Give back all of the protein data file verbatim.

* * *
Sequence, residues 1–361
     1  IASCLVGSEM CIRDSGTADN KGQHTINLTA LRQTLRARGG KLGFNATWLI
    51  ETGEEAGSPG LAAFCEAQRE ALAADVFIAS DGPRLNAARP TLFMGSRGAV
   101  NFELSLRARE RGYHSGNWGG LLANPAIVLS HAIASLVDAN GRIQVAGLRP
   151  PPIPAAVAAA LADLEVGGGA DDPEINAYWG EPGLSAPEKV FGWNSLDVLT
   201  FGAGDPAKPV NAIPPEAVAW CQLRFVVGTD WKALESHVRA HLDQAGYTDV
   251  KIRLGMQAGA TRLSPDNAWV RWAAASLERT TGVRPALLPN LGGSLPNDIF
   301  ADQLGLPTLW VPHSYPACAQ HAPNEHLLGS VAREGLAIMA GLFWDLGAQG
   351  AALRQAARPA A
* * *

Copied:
Sequence, residues 1–361
     1  IASCLVGSEM CIRDSGTADN KGQHTINLTA LRQTLRARGG KLGFNATWLI
    51  ETGEEAGSPG LAAFCEAQRE ALAADVFIAS DGPRLNAARP TLFMGSRGAV
   101  NFELSLRARE RGYHSGNWGG LLANPAIVLS HAIASLVDAN GRIQVAGLRP
   151  PPIPAAVAAA LADLEVGGGA DDPEINAYWG EPGLSAPEKV FGWNSLDVLT
   201  FGAGDPAKPV NAIPPEAVAW CQLRFVVGTD WKALESHVRA HLDQAGYTDV
   251  KIRLGMQAGA TRLSPDNAWV RWAAASLERT TGVRPALLPN LGGSLPNDIF
   301  ADQLGLPTLW VPHSYPACAQ HAPNEHLLGS VAREGLAIMA GLFWDLGAQG
   351  AALRQAARPA A